Review Summary: Is Ozzy's jump into modern metal worth checking out?5 of 5 thought this review was well written
Many fans of the Prince of Darkness consider "Ozzmosis" to be the beginning of the end for his career. I don't know if this is just me, but I find this, as well as all of his albums that follow this, to be very underrated. It was the beginning of Ozzy trying to be more modern and trying to abandon the classic rock sound of his music to appeal to the new generation of metalheads.
That's where this album succeeds. Ozzy has always been very good at adapting to the evolving music industry. Many bands that have been around since the 70's and 80's and are still releasing albums today still sound like music that could have come from back then. It's not exactly a bad thing, but a lot of it sounds just too old to be relevant in the metal industry today, and when you compare "Ozzmosis" to his previous album "No More Tears" it is very clear to see that Ozzy knows how to sounds modern. Don't get me wrong, "No More Tears" is definitely a superior album. I'm simply using it as an example of how well Ozzy is able to modernize his music.
Time to talk about the tracks.
The opening track, "Perry Mason" is, simply put, very heavy. Opening with some orchestral tracks, and hitting you with Zakk Wylde's great as usual guitar work. After the second verse, something really hits you that makes this album worth while. A bass solo from the one and only Geezer Butler. The former Black Sabbath bassist puts his only mark on the only Ozzy solo album in which he appears, and it's great to have him. Geezer is my all time favorite bassist, and having him on this album is nothing less than a treat.
The following track, "I Just Want You" is the beginning of "Ozzmosis's" major flaw: an overabundance of slower ballads. It starts off heavy, but after that, it leaves you waiting for more of that. This and the following track, "Ghost Behind My Eyes" are very slow and completely contradict the opening track. They're not bad, but they don't exactly mix in very well with the heavier songs of the album. I can appreciate an album that has half soft, and half hard songs as longs as they can intertwine them well. This is not the case with "Ozzmosis". The slower songs mess up the flow of an otherwise rocking album.
"Thunder Underground" gives you another taste of heavy music, with some heavy, yet kinda quiet, guitar riffs throughout. The song isn't that fast paced, but it's still decently heavy. There is quite a big flaw with this track though. That is Ozzy's processed voice.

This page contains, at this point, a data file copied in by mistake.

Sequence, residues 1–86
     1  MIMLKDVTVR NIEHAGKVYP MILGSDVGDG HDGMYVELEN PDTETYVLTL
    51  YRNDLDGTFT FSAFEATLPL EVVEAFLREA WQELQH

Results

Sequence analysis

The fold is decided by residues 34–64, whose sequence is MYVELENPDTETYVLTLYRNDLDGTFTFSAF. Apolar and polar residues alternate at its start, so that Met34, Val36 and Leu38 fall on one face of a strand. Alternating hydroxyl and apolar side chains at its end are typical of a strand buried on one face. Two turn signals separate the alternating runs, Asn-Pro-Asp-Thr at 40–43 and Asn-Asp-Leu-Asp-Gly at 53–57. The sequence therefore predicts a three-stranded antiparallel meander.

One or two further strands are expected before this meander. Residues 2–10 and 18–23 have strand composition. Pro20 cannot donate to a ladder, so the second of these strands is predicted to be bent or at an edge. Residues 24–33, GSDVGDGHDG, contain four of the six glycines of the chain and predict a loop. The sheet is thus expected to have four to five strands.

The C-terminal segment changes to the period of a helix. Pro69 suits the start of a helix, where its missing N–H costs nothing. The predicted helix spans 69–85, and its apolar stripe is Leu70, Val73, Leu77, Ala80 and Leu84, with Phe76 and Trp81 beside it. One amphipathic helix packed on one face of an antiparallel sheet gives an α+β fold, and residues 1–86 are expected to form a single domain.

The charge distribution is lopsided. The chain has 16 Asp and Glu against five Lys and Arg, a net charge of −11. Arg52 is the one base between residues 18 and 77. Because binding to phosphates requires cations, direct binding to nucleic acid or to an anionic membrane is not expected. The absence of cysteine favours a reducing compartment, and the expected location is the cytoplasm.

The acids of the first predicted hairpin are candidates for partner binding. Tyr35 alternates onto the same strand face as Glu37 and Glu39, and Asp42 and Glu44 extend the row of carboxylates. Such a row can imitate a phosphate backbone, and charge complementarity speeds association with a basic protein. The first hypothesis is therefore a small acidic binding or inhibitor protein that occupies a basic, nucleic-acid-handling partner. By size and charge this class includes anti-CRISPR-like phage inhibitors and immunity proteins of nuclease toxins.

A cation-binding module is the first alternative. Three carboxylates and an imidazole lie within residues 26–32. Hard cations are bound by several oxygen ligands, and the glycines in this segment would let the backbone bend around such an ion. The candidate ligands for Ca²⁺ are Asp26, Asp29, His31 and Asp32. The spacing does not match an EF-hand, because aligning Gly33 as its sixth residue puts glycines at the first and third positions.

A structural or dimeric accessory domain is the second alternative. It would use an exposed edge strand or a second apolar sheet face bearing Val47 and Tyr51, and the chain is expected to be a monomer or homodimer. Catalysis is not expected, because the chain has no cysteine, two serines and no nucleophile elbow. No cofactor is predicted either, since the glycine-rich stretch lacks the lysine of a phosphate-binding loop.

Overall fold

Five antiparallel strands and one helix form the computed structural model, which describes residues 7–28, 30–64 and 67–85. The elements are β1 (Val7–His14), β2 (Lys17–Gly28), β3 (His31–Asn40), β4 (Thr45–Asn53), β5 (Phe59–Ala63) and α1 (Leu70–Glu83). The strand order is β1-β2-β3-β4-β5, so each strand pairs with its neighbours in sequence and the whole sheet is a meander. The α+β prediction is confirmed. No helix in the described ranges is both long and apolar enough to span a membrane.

Now, his voice has been processed to be higher and to sound better for years prior to "Ozzmosis," but it gets kinda ridiculous how high they make his voice high to near chipmunk levels in this track. It certainly takes away from the quality of the track.
This is followed by yet another ballad in the form of "See You On The Other Side."
(Sidenote: I find that the opening drum and bass riffs remind me of a song from the video game "Doom." Doesn't effect how much I like the song, but I thought I'd just throw that out there)
I find this to be the best ballad on the LP. It has beautiful lyrics about the death of a friend or lover, and how he'll see them again once his time comes. It is just a very great sounding song overall, I'm not sure what else I can say.
"Tomorrow" starts off with more incredible bass work by Geezer Butler. The song itself is a curious case. It's is slow in the verses, but when the chorus hits you, boy oh boy does it hit you. They chorus is heavy work for every member of the band. From rocking guitar, to hard drumming, to Ozzy screaming. It is a fun track and one of my favorites on the album.
Next, oh look, two more ballads. Never saw this coming. "Denial" is not a great song. It has some half way decent lyrics, but Ozzy's vocals are not up to par in this.
"My Little Man" on the other hand, is pretty good. It has guest guitar work by Steve Vai, and was written for Ozzy's son, Jack when he was ten. This is a very pretty, sweet song with some meaningful, almost lullaby-ish lyrics. One of my favorites on the album.
"My Jekyll Doesn't Hide" is my favorite song on the album. It really shows the modernization of the heavier portions of the album as well as having some very interesting lyrics and unique vocal work that kinda reminds me of Ozzy's days in Black Sabbath.
The album ends on another ballad with "Old LA Tonight," the only song on the album that I truly do not like. This just breaks my personal boundaries on how slow an Ozzy song can be. That's just me though. It's just not my cup of tea.
Overall, "Ozzmosis" is not bad at all. It is a good, solid album with a fresh new sound for the aging rock legend and begins his long line of underrated LP's.